Velveteen Rabbit or How Toys Become Real

Velveteen Rabbit or How Toys Become Real

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by Margery Williams, Loretta Krupinski
     
 

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Any child who cherishes one toy above all others will adore Margery William's heartwarming tale of a stuffed rabbit magically transformed by the power of love. See more details below

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Overview

Any child who cherishes one toy above all others will adore Margery William's heartwarming tale of a stuffed rabbit magically transformed by the power of love.

Editorial Reviews

Children's Literature - Marilyn Courtot
Although this poignant story of the power of love is now 75 years old, the award-winning artist Loretta Krupinski has given it a fresh look. The little stuffed rabbit wants to know what it is like to be real. It is only after he is loved for years by the little boy who received him as Christmas gift, and is eventually discarded, that he has a chance to become a real rabbit. It is a fantasy that will remain in the hearts of both young listeners and adult readers.
School Library Journal
PreS-Gr 2A pleasant, small volume that joins the growing list of publishers' reworkings of this classic story. Krupinski uses pretty tones of the primary colors in full-page paintings facing pages of text, each headed by a decorative capital forming an elegant link to the pictured story elements. She takes small liberties in both story and pictures in adapting Margery Williams's well-known tale. Here the rabbit's "spotted brown and white" velveteen coat is a soft beige patterned with pale flowers and brighter turquoise spots. Though his color deepens a bit with age, he often looks more calico than velveteen, and his coat is particularly jarring as he encounters the rabbits in the natural world. The abridgment of the text removes some of the early bulky description of the playroom dynamics among the toys. For the most part the story moves well and retains the original language. One crucial omission, however, weakens the set-up of the basic premise. No longer do readers hear of the modern-minded mechanical toys who "pretended they were real." When the Velveteen Rabbit asks the Skin Horse, "What is real?" the idea seems oddly unrelated to anything. Occasionally overly sweet (the fairy is greeting-card precious), the book is appealing in its modest square layout. Libraries wanting varied interpretations of classic titles will be interested.Margaret Bush, Simmons College, Boston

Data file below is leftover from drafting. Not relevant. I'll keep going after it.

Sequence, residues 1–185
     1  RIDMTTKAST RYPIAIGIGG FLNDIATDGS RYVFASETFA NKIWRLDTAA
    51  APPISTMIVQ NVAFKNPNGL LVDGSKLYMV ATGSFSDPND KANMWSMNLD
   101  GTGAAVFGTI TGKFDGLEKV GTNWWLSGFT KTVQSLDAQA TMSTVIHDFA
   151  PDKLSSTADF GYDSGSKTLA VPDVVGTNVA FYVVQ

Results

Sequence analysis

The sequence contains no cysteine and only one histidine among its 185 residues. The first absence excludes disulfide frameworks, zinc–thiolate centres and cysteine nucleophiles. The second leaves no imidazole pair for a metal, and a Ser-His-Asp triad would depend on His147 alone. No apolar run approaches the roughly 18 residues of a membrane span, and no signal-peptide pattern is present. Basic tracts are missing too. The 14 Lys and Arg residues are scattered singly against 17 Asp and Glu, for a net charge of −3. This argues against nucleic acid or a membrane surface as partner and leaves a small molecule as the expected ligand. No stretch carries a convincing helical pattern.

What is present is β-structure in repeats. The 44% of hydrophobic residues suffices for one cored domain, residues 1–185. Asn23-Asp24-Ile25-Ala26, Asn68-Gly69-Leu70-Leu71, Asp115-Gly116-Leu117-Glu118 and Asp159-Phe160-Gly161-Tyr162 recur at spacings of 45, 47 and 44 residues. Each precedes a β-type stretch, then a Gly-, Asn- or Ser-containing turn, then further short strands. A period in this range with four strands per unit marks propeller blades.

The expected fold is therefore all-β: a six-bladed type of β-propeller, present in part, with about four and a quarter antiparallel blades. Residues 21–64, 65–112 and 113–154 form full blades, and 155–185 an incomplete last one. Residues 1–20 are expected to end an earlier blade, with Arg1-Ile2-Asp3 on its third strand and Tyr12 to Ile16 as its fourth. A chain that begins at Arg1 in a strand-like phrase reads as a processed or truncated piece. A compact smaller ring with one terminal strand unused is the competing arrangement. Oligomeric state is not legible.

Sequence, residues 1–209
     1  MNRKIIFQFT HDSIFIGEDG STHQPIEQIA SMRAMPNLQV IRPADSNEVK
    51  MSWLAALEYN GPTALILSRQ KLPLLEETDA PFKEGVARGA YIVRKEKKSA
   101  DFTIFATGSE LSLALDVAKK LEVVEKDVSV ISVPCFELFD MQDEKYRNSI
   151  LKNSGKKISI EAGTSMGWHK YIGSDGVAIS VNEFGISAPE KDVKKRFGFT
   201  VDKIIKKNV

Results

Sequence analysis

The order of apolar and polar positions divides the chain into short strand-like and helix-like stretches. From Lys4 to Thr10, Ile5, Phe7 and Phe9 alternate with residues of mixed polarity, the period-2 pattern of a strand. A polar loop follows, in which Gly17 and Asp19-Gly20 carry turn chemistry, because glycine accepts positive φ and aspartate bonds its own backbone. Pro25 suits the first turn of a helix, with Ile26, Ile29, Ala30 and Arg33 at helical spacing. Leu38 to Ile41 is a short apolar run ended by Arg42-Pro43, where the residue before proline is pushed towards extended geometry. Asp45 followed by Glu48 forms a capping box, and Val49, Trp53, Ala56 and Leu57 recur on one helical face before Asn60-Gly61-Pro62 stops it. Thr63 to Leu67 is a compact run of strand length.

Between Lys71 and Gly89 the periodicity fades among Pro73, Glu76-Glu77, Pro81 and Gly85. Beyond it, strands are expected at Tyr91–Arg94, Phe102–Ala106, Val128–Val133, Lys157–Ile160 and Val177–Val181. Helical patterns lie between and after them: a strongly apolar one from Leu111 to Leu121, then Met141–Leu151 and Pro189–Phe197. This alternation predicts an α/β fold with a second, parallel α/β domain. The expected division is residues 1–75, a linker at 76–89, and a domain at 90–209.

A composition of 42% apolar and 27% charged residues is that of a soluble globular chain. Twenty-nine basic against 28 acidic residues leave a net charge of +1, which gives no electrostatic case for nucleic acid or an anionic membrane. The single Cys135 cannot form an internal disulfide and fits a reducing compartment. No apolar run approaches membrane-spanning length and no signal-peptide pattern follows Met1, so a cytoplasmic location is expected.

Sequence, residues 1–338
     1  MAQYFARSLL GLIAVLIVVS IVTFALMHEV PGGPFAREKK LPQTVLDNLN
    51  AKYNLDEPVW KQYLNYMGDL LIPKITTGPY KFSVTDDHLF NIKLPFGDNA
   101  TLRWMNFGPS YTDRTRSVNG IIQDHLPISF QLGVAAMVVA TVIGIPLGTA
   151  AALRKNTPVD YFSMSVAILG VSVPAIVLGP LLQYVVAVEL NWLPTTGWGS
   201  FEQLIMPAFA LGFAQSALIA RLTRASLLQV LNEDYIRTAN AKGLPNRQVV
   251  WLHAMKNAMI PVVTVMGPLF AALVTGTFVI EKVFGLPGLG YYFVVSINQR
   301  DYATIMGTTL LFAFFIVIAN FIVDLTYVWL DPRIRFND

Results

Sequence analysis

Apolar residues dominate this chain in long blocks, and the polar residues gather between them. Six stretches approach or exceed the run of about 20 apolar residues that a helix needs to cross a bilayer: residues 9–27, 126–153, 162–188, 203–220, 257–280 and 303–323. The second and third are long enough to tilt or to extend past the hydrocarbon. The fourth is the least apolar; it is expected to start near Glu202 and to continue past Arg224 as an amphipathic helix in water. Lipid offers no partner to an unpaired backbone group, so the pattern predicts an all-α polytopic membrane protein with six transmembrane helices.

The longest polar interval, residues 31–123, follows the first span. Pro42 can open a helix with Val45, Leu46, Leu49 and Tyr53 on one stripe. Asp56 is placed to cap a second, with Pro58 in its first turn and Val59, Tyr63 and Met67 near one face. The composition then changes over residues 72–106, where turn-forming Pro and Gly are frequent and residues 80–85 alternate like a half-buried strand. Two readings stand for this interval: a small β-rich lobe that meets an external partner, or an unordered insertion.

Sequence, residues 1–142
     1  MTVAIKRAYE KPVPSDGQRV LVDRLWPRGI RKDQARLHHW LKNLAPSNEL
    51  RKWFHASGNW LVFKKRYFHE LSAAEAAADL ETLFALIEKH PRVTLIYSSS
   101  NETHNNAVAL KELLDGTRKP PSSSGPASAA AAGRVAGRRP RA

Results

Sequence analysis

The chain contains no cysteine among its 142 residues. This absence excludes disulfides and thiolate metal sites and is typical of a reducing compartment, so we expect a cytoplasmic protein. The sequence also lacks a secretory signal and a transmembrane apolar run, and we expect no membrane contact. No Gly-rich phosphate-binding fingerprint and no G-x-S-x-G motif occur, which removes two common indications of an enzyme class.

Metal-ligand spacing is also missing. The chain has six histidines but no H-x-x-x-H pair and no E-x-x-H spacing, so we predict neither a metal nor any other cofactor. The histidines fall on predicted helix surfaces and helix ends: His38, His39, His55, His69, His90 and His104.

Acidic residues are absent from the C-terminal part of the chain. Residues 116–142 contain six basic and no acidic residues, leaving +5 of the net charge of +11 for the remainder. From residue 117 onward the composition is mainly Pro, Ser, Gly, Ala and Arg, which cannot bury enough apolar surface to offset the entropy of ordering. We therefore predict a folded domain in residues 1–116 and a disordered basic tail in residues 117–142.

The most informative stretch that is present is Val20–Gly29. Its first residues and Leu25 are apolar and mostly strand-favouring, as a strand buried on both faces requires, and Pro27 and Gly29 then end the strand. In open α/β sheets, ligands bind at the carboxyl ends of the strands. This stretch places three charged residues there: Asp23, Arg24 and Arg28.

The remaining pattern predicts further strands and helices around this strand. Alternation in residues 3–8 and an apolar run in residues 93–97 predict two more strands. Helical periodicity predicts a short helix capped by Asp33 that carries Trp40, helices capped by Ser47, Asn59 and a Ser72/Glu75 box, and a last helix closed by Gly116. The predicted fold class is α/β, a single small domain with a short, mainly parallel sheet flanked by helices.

Product Details

ISBN-13:
9780786803194
Publisher:
Disney-Hyperion
Publication date:
03/01/1997
Pages:
32
Product dimensions:
8.25(w) x 0.25(h) x 8.25(d)
Age Range:
3 - 5 Years

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